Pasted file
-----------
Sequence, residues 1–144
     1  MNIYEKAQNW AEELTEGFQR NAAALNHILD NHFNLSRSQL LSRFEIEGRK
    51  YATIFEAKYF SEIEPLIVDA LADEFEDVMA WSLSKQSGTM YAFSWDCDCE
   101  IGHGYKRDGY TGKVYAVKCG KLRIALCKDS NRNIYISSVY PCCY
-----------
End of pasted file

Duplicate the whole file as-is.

Sequence, residues 1–144
     1  MNIYEKAQNW AEELTEGFQR NAAALNHILD NHFNLSRSQL LSRFEIEGRK
    51  YATIFEAKYF SEIEPLIVDA LADEFEDVMA WSLSKQSGTM YAFSWDCDCE
   101  IGHGYKRDGY TGKVYAVKCG KLRIALCKDS NRNIYISSVY PCCY